1. How death, tech and debate challenged the Church amid the pandemic in 2020
In 2020, the coronavirus pandemic shuttered churches, claimed the lives of many elderly spiritual leaders and members — particularly in black and Hispanic communities — and caused a seismic shift toward online ministry and sparked fierce debates about religious freedom.
At the Blessed Virgin Mary convent in Livonia, Michigan, at least 13 members of the Congregation of the Sisters of St. Felix of Cantalice, or Felician Sisters died after the virus swept through the compound “like wildfire.”
Members of the New St. Luke Missionary Baptist Church of Detroit begged God for a miraculous end to the pandemic after their pastor, the Rev. Nathaniel Slappey Sr., and his son, Nathaniel Slappey Jr., died just days apart from the virus in May.
Others, like the late Pastor Ronnie Hampton of New Vision Community Church, died after battling the virus which he thought God had sent him as a test.
Bob Bryant, who served as associate pastor of benevolence at the multisite Water of Life Community Church in California, is among the most recent to have died from the virus in 2020.
Public health restrictions prevented many churches from hosting usual funerals to mourn their dead as they resorted to limited gatherings and online broadcasts, but not every pastor willingly accepted restrictions on their ministries.
Pastor Rodney Howard-Browne, leader of Revival International Ministries and The River at Tampa Bay Church in Florida, became the first high-profile pastor in the resistance to insist his First Amendment rights were being violated after he was arrested for leading two large worship services during the pandemic.
The restrictions, which fed into policy heavy political debates, also sparked several protests across the country.
In July, megachurch Pastor Jentezen Franklin cried “discrimination” and urged Christians to vote their faith in November as the California Department of Public Health issued updated guidelines, forbidding churches from singing during services to prevent the spread of COVID-19.
Other influential Christian leaders like Pastors John MacArthur and Andy Stanley highlighted the divided response the Church had to pandemic restrictions in 2020.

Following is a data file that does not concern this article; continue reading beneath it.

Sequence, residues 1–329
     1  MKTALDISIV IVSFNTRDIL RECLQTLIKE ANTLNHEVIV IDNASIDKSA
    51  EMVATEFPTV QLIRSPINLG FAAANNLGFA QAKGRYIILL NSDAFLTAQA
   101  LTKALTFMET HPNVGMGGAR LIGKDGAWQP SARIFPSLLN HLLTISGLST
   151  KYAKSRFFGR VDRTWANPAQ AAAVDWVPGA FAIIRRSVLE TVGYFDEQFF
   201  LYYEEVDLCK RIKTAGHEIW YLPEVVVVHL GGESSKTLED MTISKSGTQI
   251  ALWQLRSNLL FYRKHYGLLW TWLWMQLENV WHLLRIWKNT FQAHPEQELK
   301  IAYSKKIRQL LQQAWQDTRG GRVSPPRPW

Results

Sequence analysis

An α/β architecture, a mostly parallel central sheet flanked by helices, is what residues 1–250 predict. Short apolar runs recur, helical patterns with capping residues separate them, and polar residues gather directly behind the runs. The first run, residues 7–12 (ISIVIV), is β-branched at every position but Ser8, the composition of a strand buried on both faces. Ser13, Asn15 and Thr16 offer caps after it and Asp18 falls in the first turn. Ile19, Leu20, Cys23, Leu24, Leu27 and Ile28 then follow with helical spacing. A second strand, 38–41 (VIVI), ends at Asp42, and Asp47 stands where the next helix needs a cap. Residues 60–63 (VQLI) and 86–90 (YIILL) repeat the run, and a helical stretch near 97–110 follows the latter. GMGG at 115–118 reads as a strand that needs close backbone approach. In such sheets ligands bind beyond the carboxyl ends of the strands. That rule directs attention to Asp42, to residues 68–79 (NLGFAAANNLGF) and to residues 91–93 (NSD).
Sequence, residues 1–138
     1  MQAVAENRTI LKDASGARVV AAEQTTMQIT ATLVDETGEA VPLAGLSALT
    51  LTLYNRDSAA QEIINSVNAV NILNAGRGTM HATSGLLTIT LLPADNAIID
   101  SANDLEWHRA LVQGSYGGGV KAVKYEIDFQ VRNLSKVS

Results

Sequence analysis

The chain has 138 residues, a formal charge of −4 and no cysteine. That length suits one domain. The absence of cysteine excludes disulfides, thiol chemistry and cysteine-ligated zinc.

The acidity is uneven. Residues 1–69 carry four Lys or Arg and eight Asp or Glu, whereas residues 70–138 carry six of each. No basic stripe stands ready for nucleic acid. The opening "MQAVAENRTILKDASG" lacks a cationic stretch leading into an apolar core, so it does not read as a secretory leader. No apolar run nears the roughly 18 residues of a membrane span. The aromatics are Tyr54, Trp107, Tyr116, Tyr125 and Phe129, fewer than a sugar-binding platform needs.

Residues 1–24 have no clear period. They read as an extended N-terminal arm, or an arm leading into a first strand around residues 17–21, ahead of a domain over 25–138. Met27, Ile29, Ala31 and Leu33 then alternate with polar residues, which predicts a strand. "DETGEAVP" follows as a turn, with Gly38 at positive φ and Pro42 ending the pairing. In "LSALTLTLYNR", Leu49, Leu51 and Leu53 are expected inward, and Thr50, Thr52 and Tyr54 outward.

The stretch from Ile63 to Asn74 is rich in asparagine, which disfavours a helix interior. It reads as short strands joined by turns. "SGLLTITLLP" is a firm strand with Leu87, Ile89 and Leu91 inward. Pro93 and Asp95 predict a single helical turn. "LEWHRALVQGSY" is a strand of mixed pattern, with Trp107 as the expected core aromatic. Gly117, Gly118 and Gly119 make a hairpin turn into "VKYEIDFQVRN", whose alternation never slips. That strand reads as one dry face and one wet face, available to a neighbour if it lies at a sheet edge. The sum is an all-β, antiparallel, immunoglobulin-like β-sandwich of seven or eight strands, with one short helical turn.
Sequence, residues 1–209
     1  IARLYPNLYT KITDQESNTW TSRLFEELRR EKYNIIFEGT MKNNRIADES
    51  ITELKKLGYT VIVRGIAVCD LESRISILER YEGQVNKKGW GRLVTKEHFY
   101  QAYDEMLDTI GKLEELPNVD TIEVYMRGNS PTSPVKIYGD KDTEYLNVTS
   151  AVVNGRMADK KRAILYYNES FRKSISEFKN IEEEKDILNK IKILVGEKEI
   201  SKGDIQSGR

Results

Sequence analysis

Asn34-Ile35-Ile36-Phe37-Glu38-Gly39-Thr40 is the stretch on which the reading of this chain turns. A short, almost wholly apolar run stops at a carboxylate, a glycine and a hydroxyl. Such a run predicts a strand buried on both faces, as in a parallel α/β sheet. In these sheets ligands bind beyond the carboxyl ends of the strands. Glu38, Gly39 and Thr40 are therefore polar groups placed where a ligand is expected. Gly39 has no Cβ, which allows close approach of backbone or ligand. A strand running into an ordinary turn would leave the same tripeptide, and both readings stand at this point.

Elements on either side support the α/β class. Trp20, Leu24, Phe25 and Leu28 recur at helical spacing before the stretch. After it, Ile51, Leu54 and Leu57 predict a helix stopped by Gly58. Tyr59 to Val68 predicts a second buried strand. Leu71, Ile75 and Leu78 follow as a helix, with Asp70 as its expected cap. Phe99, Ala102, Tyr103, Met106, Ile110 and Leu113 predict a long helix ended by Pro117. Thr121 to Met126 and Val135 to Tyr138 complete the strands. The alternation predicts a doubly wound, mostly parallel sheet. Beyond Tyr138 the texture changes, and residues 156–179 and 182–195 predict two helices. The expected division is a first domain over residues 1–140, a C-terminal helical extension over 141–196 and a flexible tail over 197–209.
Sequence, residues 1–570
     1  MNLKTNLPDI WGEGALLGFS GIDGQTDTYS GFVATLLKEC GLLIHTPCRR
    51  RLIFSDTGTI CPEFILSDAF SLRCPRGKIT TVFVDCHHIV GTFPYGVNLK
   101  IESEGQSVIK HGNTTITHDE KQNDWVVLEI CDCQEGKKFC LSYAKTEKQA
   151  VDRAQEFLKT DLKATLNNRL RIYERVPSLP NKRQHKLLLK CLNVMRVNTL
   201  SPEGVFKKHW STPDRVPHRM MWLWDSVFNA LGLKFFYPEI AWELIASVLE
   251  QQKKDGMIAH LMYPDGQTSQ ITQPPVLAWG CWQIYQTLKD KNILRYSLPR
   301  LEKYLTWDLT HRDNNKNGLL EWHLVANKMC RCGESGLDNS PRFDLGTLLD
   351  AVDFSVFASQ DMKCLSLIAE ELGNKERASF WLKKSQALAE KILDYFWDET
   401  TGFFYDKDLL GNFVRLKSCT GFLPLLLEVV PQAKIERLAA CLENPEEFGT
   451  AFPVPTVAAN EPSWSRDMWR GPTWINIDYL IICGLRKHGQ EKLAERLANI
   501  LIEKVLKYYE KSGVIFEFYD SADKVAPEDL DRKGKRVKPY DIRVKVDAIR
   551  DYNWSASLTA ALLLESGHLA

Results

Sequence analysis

MacArthur, who leads Grace Community Church in Sun Valley, California, argued that while it's “crystal clear that God has ordained government,” he would no longer aid and abet the “lie” of the ongoing lockdowns in response to COVID-19.
"I’ve been here 50 years; the church is 63 years old, and this church has never had any kind of mandate from the government to close," MacArthur said in an interview with Billy Hallowell in August. "So when they came up with this mandate it seemed to be so rare and so unusual that we were listening."
Upon hearing dire predictions about the death toll, MacArthur said it was "enough to make anybody with common sense" pause and take steps to ensure no one was endangered. The church initially moved to a live stream model and closed down in-person services — but within a few weeks, MacArthur said parishioners started showing up again.
Despite facing the prospect of fines and the threat of jail time as a result of his refusal to comply with coronavirus regulations, MacArthur has maintained that it’s the church’s biblical responsibility to stay open and hold worship services.
Stanley who leads North Point Community Church in Alpharetta, Georgia, argued against general civil disobedience among churches against government restrictions because he thinks it’s unnecessary because churches can gather in other ways.
Other influential leaders. like Bishop T.D. Jakes, slammed Christians who flout social distancing guidelines as a demonstration of how their faith will protect them from the coronavirus as “foolishness” and “dumb.”
“I believe in faith, I believe in God, I believe in the Bible, I believe in the Word of God, but I also believe in common sense,” said Jakes, senior pastor of The Potter's House in Dallas, Texas, in a Facebook Live broadcast.
Research from the Nashville-based LifeWay Research conducted in the fall of 2019, showed that when the pandemic hit, many churches were not prepared. The study found that just 22% of pastors livestreamed their entire service while about 10% livestreamed their sermon only. Some 41% of pastors admitted that they didn’t post any portion of their church service online, while about 52% said they would generally post the sermon online after the church service was complete.
With the arrival of the pandemic and a majority of churches facing reduced giving, many churches across all denominations began urging their congregants to donate online as they shifted to online services as well.
Many churches in some of the hardest-hit areas have now had to shift their services online and practice social distancing and mask-wearing. Other churches found creative ways to serve during the pandemic, like becoming temporary testing sites for the coronavirus in underserved communities and distributing food to people in need.
Leonardo Blair contributed to this report